Mountain Journal

Environment, news, culture from the Australian Alps



Firefighters demand climate action

Bushfires are becoming more frequent and the bushfire season is coming earlier and lasting longer because of climate change.

These longer fire seasons in Australia are not “normal”. They are being driven by human induced global heating (climate change). Unless we act now to reduce our emissions in line with what climate science suggests, we will become locked in to ever worsening fire seasons. We know that climate driven fires pose an extreme threat to mountain environments like Alpine Ash and Snow Gums.

The Australian Firefighters Climate Alliance (AFCA) has launched a new campaign, asking firefighters to post an image of themselves on a fireground, and demanding the Austrtalian government act on climate change.

Continue reading “Firefighters demand climate action”

Time is running out for mountain woodlands

It is worth going back to a report from 2020 that shows the impacts of fire in Victoria. Most of the area burned in the summer of 2019/20 is in mixed-species eucalypt forests, which are common throughout eastern Victoria, and which can recover well from fire.

But the fires also burnt forest types of more limited distribution including banksia woodlands, warm temperate rainforests, and mountain communities including alpine ash forests and snow gum woodlands.

Continue reading “Time is running out for mountain woodlands”

The strange land of 12 Mile Hill

The Dargo High Plains, in Victoria’s High Country, and surrounding ranges are facing an onslaught of logging activity. It is well beyond the sealed road network and out of sight for most people. Lisa Roberts reports on a recent trip to this remote mountain country.

‘We watched the mist come out of the forest over the hill and race across the cleared smashed country and fall when it reached the trees on the other side. Up here, the trees call in the clouds and the clouds drop into the trees and this is where the water comes from’.

Continue reading “The strange land of 12 Mile Hill”

New year, old issues 

As we move into a new year, things are looking good in the mountains. A second mild and wet spring has led to a mild summer, with no significant fires in mountain areas so far (there were two fires in lutruwita/ Tasmania earlier in the season – at Mt Rufus and the Eldon Range). As heatwaves bake much of the north and west of the continent, the mountains of the south east and lutruwita/ Tasmania are a cool refuge from the heat. As always there is so much to do and wonderful places to visit. And, as always, there are threats to the mountains that we will have to deal with this year.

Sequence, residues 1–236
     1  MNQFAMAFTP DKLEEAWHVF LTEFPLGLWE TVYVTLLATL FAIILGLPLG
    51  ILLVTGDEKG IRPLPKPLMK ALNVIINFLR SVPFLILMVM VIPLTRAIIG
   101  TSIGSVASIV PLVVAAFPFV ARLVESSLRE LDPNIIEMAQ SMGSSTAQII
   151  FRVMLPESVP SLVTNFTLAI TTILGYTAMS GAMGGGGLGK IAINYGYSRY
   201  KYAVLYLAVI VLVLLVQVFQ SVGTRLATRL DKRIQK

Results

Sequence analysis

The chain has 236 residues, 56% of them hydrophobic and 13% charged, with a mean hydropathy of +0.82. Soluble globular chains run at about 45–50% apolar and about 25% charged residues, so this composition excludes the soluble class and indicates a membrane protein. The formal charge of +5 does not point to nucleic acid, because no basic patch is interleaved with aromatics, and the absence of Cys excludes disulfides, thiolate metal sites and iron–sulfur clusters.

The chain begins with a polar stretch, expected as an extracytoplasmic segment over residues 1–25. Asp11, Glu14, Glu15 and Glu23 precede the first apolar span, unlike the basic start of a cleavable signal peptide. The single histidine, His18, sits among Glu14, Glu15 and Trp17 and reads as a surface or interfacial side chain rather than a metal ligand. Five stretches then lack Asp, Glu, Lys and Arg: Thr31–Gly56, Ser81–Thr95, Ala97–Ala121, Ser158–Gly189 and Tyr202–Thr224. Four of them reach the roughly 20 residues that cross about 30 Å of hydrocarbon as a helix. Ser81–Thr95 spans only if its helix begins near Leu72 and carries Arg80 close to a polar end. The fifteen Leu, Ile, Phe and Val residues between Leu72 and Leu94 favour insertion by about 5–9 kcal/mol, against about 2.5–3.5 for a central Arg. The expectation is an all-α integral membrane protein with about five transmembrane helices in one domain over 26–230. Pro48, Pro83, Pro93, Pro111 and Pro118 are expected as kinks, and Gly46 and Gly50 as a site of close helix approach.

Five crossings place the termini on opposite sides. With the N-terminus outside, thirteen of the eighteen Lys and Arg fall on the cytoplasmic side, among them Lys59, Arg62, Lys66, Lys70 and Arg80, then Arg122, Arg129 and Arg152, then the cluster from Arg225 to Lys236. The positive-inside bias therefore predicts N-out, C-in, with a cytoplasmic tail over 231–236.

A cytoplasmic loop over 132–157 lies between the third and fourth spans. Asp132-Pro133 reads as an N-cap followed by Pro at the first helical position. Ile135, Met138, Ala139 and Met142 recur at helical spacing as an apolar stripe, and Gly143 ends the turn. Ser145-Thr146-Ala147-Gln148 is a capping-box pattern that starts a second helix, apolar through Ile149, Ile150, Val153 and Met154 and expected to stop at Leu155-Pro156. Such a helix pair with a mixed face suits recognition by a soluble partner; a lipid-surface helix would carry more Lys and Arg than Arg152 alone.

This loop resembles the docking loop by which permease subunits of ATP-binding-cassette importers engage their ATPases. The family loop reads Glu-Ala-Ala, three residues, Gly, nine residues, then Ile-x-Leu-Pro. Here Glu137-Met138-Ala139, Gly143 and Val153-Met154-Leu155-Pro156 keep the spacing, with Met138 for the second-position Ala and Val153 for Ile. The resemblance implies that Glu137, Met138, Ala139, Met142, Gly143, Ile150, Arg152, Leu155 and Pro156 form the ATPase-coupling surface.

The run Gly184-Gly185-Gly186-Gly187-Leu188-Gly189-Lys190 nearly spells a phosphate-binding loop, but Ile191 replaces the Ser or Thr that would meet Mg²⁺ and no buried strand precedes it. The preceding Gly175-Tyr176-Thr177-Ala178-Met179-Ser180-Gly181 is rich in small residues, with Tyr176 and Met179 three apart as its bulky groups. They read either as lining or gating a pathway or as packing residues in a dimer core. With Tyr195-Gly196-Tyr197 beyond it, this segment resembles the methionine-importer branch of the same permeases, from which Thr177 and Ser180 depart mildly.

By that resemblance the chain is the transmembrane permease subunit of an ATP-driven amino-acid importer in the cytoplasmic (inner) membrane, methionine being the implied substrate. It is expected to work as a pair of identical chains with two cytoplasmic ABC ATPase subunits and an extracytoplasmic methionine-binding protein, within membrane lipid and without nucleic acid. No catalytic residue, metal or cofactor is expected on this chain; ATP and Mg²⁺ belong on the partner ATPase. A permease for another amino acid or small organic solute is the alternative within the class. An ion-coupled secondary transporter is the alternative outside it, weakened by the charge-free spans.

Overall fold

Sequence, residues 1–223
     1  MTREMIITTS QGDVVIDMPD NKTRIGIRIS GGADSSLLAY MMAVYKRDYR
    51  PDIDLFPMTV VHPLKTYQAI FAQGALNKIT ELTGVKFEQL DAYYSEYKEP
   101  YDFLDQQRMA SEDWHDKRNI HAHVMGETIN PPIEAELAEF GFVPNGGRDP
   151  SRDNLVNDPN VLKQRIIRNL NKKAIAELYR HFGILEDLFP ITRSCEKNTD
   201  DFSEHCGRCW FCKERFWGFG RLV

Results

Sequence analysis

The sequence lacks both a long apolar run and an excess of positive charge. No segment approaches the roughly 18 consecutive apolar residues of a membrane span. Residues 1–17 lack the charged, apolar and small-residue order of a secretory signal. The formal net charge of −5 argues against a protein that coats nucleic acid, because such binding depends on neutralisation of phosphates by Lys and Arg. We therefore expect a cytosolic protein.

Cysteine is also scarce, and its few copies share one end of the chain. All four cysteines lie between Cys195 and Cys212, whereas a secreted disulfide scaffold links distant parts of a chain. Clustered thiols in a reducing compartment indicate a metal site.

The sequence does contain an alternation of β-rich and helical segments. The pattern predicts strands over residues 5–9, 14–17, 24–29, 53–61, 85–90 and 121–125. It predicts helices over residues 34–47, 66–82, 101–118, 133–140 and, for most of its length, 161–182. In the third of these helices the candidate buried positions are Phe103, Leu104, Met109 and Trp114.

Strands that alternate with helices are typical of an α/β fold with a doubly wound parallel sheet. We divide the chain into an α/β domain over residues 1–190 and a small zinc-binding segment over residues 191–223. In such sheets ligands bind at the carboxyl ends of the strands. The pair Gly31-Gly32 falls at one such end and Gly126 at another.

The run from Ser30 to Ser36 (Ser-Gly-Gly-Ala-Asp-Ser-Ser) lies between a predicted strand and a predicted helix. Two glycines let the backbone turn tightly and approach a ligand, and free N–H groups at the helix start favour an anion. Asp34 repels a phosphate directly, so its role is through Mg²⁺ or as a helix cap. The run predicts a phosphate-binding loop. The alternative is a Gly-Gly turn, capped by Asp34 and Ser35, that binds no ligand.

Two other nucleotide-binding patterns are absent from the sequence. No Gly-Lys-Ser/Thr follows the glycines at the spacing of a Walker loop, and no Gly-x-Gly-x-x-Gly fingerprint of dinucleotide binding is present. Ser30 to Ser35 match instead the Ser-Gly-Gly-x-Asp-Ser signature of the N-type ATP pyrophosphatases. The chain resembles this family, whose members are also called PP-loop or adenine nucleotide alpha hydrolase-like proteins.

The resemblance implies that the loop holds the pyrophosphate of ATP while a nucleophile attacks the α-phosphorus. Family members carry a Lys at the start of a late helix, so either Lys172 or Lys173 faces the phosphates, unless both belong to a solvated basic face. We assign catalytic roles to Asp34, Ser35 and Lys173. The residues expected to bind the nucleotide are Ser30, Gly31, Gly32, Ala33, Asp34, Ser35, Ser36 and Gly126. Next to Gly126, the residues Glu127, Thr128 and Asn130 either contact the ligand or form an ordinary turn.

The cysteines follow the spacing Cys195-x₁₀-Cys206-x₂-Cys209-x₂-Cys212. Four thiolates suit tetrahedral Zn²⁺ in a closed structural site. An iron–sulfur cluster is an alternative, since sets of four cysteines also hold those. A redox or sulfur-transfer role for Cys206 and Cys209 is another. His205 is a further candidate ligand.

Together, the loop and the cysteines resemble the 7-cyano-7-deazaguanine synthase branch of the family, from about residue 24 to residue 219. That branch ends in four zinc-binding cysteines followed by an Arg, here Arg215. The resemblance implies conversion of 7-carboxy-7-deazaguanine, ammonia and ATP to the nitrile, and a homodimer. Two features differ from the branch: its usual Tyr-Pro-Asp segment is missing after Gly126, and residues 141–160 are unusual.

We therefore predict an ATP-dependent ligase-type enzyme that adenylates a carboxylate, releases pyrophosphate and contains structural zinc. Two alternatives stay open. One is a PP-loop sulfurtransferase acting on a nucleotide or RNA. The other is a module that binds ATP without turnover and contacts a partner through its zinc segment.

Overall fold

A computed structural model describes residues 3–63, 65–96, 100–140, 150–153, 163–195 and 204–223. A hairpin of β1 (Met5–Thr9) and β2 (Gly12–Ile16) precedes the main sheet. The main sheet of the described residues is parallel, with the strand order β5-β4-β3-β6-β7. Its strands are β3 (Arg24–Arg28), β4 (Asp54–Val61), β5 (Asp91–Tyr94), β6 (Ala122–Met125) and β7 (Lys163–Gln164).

Here’s some of them:

Continue reading “New year, old issues “

Alpine and Mountain Ash face potential declines in a warmer and drier future.

We know that the Alpine Ash forests are struggling to survive in the face of climate change driven fire regimes that are bringing fire into these forests more frequently.

The scale of this threat is so extreme that the Victorian government has a program specifically responsible for reseeding forests that are on the verge of ecosystem collapse.

New research underscores, yet again, that the mountain forests face grave threats from climate change and that this could lead to the transformation of these forests.

Continue reading “Alpine and Mountain Ash face potential declines in a warmer and drier future.”

Fires in Tasmanian World Heritage Areas

Back in 2019, Tasmania/ lutruwita was badly impacted by wildfires (check here for a diary of those fires). With much of south eastern Australia experiencing a La Nina mild summer, the forecast is for a ‘mild’ season across most of the south east.

But following lightning storms over the weekend of December 18 and 19, 2021, a number of fires have started in remote World Heritage Areas in Tasmania/ lutruwita. It has been noted that since the year 2000, there has been an increase in the number of lightning-caused fires and an increase in the average size of the fires in Tasmania, “resulting in a marked increase in the area burnt”.

This page will track significant fires on public lands in Tasmania during the summer of 2021/22.

Continue reading “Fires in Tasmanian World Heritage Areas”

Snow Gum citizen science field trip – January 2022

Snow Gums face a massive threat from the spread of dieback which is caused by a native beetle – and also super charged by climate change, and localised collapse of snow gum woodlands due to more frequent fires.